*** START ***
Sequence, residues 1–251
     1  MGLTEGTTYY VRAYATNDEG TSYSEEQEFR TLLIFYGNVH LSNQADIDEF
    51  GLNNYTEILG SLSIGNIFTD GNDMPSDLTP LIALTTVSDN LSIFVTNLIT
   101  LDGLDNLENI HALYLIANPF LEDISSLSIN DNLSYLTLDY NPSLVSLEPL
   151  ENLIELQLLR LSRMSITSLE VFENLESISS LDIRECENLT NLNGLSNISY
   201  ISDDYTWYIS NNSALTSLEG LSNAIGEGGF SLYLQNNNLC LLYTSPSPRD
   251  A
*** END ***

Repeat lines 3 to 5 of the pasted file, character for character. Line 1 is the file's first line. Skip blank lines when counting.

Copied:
    51  GLNNYTEILG SLSIGNIFTD GNDMPSDLTP LIALTTVSDN LSIFVTNLIT
   101  LDGLDNLENI HALYLIANPF LEDISSLSIN DNLSYLTLDY NPSLVSLEPL
   151  ENLIELQLLR LSRMSITSLE VFENLESISS LDIRECENLT NLNGLSNISY